• Investigating the effect of isometric handgrip training frequency on cardiovascular health in medicated hypertensives

      Wainman, Liisa; Applied Health Sciences Program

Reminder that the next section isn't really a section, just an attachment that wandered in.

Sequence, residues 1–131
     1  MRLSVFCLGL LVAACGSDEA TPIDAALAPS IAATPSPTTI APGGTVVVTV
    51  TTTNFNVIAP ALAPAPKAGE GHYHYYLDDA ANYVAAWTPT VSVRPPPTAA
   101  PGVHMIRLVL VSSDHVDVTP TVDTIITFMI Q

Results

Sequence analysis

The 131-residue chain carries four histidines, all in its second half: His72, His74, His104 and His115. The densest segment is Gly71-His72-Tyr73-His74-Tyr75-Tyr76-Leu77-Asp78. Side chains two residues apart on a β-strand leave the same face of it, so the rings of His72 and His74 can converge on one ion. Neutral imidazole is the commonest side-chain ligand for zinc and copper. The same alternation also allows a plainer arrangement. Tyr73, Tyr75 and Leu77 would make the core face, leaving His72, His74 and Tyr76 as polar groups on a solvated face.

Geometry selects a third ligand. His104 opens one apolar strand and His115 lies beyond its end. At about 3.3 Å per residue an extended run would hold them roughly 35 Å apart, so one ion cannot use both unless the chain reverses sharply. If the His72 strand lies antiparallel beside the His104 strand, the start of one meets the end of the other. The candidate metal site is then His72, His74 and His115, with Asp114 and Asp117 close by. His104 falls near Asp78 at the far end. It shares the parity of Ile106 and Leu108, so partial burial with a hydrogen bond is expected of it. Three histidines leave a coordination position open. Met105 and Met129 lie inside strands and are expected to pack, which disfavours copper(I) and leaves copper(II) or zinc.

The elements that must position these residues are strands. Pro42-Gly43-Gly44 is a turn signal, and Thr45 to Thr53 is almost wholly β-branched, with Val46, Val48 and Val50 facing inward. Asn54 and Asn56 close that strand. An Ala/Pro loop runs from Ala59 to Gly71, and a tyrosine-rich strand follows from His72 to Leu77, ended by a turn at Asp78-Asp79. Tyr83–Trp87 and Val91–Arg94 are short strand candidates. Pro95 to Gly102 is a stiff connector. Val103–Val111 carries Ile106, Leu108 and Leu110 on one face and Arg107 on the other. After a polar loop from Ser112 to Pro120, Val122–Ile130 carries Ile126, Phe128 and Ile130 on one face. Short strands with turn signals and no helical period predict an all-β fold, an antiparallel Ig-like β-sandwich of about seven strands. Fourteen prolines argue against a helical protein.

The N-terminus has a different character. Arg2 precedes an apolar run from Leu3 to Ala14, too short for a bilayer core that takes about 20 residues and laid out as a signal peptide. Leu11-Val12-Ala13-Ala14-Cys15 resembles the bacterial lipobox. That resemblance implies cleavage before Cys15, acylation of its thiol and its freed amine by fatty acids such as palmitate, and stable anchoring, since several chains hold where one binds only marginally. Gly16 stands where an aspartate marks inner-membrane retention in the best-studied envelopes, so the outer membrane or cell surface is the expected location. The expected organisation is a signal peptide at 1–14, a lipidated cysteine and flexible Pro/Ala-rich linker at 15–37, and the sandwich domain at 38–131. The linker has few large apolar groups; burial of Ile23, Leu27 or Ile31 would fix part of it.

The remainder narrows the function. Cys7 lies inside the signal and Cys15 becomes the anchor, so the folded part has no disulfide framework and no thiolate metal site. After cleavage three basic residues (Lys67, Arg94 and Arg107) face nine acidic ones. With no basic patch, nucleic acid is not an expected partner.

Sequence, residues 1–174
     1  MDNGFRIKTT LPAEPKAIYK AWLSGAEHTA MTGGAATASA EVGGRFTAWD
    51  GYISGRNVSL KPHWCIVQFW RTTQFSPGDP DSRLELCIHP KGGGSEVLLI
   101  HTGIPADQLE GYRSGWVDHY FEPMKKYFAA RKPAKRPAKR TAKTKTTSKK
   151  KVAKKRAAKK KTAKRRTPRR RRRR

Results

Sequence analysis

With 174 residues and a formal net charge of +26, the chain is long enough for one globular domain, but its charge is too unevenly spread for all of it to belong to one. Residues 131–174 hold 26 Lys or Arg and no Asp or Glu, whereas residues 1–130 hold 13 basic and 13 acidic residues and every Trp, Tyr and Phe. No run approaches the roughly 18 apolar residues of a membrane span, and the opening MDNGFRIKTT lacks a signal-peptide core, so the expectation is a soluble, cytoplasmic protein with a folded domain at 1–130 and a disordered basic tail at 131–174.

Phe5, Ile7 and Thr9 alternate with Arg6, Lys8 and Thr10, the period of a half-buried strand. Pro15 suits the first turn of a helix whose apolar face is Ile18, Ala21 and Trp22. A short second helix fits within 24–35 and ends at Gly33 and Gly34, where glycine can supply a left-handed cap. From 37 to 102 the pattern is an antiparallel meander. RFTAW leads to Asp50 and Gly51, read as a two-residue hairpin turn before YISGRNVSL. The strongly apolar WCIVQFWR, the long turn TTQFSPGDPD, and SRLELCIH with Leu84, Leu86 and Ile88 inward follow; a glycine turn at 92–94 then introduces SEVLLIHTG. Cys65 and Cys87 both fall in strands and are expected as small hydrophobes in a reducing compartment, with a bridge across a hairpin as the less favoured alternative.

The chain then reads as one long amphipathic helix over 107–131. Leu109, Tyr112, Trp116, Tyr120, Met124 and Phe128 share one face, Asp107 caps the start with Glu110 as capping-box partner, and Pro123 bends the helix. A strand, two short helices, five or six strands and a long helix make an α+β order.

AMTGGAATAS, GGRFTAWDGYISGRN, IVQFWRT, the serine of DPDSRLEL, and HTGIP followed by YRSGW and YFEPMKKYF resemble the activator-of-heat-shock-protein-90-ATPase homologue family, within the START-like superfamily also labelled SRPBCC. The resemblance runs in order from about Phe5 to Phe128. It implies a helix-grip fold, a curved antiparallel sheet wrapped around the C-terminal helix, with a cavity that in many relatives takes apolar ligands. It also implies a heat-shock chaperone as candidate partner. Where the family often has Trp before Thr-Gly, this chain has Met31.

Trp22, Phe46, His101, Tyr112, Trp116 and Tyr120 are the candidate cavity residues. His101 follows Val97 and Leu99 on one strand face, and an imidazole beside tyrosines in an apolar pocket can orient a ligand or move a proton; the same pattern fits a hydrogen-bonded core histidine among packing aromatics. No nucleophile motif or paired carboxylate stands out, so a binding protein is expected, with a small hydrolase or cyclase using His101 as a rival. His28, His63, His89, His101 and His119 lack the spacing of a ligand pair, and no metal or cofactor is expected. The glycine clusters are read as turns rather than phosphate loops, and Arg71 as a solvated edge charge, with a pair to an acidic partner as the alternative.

Hypertension (HTN) is expected to affect approximately 50% of the world’s adult population by 2025 and accounts for 10 million deaths worldwide each year. Historically, HTN has been defined as systolic blood pressure (SBP) greater than 140 mmHg and/or diastolic blood pressure (DBP) greater than 90 mmHg. However, it has been recently suggested that the risks of HTN begin at even lower BP levels and in the United States HTN is now defined as ≥130/80 mmHg. HTN increases the presence of many independent risk factors and/or indicators for cardiovascular disease (CVD) such as increased arterial stiffness and reduced cardiovagal baroreflex sensitivity (cvBRS). This study aimed to investigate the minimum training frequency necessary to maintain decreases in BP following an initial 8-week training period by training individuals 0, 1, or 3 times per week for 4 weeks. Sixteen individuals with medicated hypertension (age 65±9 years) were recruited and performed 8 weeks of IHG 3 times per week and were then allocated to one of 3 training frequency groups; 0, 1 or 3 times for a subsequent 4 weeks. Statistically significant decreases in SBP and DBP were observed in all participants following the initial 8-week IHG training program (-9±10mmHg, p=0.004; -5±6mmHg, p=0.006), as well as at 12 weeks (-9±10 p=0.047; -5±7, p=0.051). cvBRS did not demonstrate any significant changes, while carotid-toe pulse wave velocity (ctPWV), a measure of systemic arterial stiffness, demonstrated a significant main effect for time (p=0.002). Post-hoc testing revealed significant decreases in ctPWV at 12 weeks (-1.0±1.1, p=0.002), as well as a significant decrease from 8 to 12 weeks (-0.73±1.1, p=0.017). As for trained limb arterial stiffness, carotid-radial pulse wave velocity (crPWV) demonstrated a significant effect for group (p=0.045) and time (p=0.015). Post-hoc testing revealed that there was no significant difference between groups, however there was a significant decrease in crPWV at 12 weeks (-1.4±1.7, p=0.010). These findings suggest that IHG at a training frequency lower than traditionally prescribed may maintain the decrease in SBP and DBP with the inclusion of improvements in arterial stiffness both systemically and in the trained limb over time. Thus, these results support the prescription of IHG in the treatment of HTN.